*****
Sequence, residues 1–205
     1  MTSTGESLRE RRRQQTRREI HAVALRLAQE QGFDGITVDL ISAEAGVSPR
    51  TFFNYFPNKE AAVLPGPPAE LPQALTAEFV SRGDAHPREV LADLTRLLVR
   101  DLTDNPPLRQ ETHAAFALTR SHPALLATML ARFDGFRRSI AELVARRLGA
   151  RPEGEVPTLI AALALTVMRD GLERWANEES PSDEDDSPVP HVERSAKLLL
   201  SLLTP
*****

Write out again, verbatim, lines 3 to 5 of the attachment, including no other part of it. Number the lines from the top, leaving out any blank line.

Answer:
    51  TFFNYFPNKE AAVLPGPPAE LPQALTAEFV SRGDAHPREV LADLTRLLVR
   101  DLTDNPPLRQ ETHAAFALTR SHPALLATML ARFDGFRRSI AELVARRLGA
   151  RPEGEVPTLI AALALTVMRD GLERWANEES PSDEDDSPVP HVERSAKLLL